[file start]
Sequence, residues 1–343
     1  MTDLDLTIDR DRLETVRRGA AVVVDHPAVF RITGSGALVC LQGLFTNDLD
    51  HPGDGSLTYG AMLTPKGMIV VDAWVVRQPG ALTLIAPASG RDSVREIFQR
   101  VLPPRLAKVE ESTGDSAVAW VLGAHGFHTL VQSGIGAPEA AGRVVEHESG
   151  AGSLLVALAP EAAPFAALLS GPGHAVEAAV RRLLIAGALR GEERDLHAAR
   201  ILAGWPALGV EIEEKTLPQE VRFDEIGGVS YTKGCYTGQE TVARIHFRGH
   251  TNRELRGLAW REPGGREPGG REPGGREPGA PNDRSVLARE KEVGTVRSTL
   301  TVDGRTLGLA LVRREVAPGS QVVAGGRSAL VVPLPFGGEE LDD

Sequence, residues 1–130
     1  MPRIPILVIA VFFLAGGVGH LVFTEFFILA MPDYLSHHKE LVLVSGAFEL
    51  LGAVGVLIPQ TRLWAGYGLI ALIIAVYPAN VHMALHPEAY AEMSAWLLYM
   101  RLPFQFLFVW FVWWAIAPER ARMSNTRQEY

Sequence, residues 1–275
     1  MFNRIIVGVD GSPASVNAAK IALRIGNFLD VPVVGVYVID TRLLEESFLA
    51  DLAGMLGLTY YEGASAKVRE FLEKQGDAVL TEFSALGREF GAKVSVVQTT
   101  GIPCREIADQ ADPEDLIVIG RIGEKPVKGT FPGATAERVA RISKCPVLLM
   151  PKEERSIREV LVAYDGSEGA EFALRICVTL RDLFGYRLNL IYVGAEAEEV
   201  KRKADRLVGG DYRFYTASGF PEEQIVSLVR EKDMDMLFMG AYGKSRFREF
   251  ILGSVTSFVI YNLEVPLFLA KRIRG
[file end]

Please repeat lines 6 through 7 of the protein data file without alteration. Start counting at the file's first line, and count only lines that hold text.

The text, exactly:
   201  ILAGWPALGV EIEEKTLPQE VRFDEIGGVS YTKGCYTGQE TVARIHFRGH
   251  TNRELRGLAW REPGGREPGG REPGGREPGA PNDRSVLARE KEVGTVRSTL